First make sure your are using decent-quality, well shielded cables. I’ve seen some “tweak” audiophile interconnects that do not use a shield, but rely on independent twisted conductors for noise rejection, which I expect is inferior to shielding if EMI is bad enough (perhaps brucek can clarify this).

    In some cases where high EMI is an issue, cables with an inadequate shield could be a problem. For instance, most people have good luck with Radio Shack’s Gold series cables. However, I have opened them up and their shield is rather poor, IMO - a very loose, rather sparse braid.

    Disconnect everything but the pre-amp and amplifier and see if the noise goes away. If the noise is still there, replace the cables between them and see if that makes a difference. If it doesn’t help, check them out separately. You can check the pre-amp by plugging a source component like a CD player directly into the amplifier (be careful of high volume levels if you decide to play a disc!). If you can give the pre-amp a clean bill of health, swap out the amp for a test. Perhaps a friend or the store you shop at can loan you one, or you can buy one at Best Buy or Circuit City long enough to test (a receiver with “Main In” jacks will do if you can’t find a power amp).

    Once you’ve cleared the pre amp, amplifier and their cables, all you need to do is add each piece of gear to the system one at a time until the problem returns. If a piece of equipment appears suspect, again try swapping the patch cables before you pronounce it culpable.

    I’m fairly confident, Pete, that since you’ve done your electrical right the problem with your system is elsewhere, and a little digging will find it. It would be a shame to drop a grand on balanced power if the problem was nothing more than a cable TV feed or a set of bad patch cables.

    Regards,

    Wayne A. Pflughaupt
     
  11. brucek

    brucek Second Unit

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    Wayne,

    I completely agree with you Wayne - I assumed Pete had already flogged all the equipment possibilities to death, so I passed over it fairly quick in my answer.

    Certainly if he has a power amp between his mains with an extension cord over to his equipment so it doesn't hum, it's not a permanent solution. I hope Pete has gone through the usual minimum system method you suggested.

    Plugging "only" the amp with speakers into the second circuit and "only" the preamp into the first, with a single set of interconnects between should yield no-hum. If it does, his loop source from different ground potentials is assured, assuming the equipment is not faulty (and subbing other equipment can reveal this as you've suggested). If it doesn't hum he can begin to add equipment until it does. This will at least give a clue as to the source of the problem.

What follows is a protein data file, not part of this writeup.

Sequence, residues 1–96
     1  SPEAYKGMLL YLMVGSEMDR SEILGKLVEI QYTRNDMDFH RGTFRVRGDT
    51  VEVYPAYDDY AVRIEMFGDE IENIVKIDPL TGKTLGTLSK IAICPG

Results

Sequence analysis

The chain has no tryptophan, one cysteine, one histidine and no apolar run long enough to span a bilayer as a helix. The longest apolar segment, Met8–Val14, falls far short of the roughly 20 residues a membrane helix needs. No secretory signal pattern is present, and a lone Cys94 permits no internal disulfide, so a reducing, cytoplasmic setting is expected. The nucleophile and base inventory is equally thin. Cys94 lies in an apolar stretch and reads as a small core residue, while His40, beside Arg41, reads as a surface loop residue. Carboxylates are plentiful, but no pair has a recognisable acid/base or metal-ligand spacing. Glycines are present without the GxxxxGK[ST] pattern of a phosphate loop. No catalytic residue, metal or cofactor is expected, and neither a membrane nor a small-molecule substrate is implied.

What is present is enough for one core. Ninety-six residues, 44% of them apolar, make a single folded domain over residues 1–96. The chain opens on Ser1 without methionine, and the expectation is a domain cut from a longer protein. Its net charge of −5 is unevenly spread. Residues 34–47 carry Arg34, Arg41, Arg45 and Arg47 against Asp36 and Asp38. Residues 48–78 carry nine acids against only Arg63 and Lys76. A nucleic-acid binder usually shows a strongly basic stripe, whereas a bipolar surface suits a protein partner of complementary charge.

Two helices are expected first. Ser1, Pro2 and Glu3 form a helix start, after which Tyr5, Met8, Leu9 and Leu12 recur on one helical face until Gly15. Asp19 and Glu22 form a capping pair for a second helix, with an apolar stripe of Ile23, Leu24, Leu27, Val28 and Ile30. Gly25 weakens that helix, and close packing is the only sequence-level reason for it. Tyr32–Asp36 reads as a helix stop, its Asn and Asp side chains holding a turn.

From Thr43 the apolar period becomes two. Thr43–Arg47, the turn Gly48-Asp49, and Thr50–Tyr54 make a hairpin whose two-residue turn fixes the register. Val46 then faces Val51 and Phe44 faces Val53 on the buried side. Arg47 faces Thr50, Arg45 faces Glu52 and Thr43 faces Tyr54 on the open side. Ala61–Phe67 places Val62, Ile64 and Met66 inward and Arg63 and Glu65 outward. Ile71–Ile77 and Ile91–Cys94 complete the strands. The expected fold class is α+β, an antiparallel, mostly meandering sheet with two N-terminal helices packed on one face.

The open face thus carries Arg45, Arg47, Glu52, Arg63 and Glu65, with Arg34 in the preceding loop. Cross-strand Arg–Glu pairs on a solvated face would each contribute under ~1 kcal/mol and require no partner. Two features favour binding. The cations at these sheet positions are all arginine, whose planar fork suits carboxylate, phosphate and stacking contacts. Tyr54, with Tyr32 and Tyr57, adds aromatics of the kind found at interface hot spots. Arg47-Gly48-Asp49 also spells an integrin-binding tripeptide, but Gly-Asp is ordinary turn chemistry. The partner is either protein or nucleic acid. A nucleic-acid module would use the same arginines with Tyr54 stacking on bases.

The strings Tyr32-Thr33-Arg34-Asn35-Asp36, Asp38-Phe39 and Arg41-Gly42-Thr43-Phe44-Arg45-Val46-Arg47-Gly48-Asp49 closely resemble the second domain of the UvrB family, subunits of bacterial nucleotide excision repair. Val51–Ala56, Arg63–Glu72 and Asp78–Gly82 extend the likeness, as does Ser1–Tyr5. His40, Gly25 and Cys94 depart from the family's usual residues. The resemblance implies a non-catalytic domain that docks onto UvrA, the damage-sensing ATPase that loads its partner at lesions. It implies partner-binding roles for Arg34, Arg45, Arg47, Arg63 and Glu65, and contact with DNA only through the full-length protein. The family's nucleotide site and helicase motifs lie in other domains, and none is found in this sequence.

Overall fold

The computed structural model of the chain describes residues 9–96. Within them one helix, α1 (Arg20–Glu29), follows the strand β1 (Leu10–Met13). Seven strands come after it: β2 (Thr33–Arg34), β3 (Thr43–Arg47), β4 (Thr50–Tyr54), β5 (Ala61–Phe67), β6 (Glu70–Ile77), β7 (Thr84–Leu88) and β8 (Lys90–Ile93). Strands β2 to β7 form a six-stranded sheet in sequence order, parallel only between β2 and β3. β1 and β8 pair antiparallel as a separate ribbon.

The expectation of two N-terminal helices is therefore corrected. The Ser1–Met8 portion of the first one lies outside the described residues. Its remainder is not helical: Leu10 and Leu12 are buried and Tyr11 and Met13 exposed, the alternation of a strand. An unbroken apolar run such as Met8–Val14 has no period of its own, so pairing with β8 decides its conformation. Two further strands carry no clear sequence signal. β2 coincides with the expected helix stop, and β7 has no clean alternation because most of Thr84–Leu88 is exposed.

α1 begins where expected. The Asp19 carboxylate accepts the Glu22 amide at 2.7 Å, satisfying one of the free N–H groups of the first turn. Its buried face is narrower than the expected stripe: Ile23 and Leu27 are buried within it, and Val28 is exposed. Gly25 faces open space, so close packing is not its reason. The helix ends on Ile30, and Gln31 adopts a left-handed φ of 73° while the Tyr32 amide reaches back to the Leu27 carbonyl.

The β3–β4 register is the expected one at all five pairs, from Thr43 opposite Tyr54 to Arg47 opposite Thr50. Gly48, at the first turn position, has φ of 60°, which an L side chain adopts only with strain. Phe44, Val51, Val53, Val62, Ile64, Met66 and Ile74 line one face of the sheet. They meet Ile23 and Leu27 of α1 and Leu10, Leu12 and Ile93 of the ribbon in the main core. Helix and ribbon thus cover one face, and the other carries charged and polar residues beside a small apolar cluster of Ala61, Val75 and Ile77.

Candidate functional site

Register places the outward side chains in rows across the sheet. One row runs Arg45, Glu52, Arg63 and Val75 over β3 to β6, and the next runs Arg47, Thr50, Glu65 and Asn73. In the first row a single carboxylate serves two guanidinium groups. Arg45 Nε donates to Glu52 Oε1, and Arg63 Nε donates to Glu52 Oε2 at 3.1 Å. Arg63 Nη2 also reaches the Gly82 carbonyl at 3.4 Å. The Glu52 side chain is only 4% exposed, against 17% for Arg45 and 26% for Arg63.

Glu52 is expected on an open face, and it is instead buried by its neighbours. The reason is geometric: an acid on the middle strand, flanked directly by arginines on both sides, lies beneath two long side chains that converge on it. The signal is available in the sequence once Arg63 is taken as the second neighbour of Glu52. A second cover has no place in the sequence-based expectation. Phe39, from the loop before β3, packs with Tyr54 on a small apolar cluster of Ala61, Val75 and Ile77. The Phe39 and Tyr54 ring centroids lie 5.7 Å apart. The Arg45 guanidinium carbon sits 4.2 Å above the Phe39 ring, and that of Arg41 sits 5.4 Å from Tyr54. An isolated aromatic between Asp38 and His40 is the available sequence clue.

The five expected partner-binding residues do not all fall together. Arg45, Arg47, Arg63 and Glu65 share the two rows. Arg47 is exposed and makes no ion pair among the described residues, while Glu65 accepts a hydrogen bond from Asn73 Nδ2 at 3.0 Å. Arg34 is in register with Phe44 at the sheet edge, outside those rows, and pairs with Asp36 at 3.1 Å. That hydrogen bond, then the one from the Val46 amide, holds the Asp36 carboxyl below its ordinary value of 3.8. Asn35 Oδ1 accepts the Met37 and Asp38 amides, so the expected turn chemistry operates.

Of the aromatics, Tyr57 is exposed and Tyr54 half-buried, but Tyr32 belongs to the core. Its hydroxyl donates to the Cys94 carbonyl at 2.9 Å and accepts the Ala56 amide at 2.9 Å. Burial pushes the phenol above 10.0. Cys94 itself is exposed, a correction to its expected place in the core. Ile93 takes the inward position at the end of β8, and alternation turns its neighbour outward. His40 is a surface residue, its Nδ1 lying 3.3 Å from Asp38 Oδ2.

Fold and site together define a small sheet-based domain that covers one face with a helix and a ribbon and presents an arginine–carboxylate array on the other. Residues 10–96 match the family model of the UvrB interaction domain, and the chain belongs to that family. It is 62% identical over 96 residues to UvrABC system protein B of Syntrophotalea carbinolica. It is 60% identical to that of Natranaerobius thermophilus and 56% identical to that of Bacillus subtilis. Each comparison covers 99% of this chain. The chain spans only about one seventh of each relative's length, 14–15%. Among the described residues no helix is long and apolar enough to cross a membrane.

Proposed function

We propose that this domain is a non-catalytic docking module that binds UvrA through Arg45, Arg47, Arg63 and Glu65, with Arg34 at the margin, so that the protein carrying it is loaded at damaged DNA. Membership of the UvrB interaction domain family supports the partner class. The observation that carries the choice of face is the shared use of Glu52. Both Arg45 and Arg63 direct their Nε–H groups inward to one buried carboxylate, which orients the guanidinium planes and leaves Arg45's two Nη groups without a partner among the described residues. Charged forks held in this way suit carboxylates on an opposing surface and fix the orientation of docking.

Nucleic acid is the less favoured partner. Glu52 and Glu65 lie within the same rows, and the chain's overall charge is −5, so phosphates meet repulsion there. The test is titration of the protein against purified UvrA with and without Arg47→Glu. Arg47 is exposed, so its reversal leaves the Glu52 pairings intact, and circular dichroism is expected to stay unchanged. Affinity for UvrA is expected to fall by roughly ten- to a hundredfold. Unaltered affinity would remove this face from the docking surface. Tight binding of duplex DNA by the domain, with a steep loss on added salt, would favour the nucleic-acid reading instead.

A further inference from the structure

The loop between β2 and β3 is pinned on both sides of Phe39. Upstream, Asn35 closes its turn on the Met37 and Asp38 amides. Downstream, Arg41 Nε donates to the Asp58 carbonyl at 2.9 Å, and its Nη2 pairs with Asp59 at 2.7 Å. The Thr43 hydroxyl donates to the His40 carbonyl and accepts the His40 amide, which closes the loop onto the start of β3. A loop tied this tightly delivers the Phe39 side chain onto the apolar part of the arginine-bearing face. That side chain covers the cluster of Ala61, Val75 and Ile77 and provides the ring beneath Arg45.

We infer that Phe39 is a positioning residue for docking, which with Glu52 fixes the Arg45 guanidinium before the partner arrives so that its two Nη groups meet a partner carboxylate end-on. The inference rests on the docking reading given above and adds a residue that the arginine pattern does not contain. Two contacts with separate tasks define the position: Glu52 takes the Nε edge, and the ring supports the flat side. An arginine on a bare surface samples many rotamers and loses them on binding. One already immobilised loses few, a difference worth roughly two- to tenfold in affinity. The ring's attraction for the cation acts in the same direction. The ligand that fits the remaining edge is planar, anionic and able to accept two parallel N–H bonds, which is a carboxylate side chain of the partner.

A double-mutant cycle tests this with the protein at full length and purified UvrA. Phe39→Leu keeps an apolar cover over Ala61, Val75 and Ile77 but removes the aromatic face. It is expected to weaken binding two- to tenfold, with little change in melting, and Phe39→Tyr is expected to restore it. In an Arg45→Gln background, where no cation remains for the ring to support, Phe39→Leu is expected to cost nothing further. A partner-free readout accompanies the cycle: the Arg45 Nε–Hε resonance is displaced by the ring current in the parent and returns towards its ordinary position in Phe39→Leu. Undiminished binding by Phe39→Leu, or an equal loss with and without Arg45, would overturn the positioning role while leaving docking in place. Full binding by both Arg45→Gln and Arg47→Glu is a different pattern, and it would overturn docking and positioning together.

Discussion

I assume Pete has established that the cable/DSS is not the offender. When I installed my satellite, I put an eight foot grounding rod outside, that I grounded the antenna and cabling to. Being lazy, I thought that would suffice. It didn't. It introduced a small hum into my system. I'm such a fanatic, even with my ear jammed up to my speaker, I won't accept any noise. So I then bonded the satellite grounding rod with a #6 wire to my house ground system and the problem went away. My point is that many installations do not bond the DSS ground to the house system as you've said. It's a good source of ground loop problems.

    Also as you've said, even bad IC cabling can cause hum that may be falsely blamed on electrical problems. A single ended connection requires it's shield for a completed circuit, but if a shield is broken, the signal will usually find another path through another shield or interconnection. The broken shield in this case is not revealed, but a hum begins. Tough to find.

    The woven cables you spoke of still have the same signal path with associated return ground. I tend to avoid unshielded twisted wire cables, they usually have slightly higher capacitance figures which tends to roll off the upper frequencies. They act like a low pass filter. To make an unshielded pair of wires usable on this high impedance interface, companies have to incorporate an interweaving technique of the insulated conductors. This usually works to reduce noise and can be almost as effective as a shielded coax but the technique also causes the capacitance per foot to rise. The parallel reactance resulting from the cables high capacitance figures starts to become a player in your impedance equation. Why bother.

    Anyway, I think it's important if people have a pesky hum that they've tried willy-nilly to repair, it requires a wholesale taking apart of the entire system and beginning with a single amp and speakers and then build the system cable by cable to find the source.........

    brucek
     
  12. Bob_M

    Bob_M Stunt Coordinator

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    Wayne,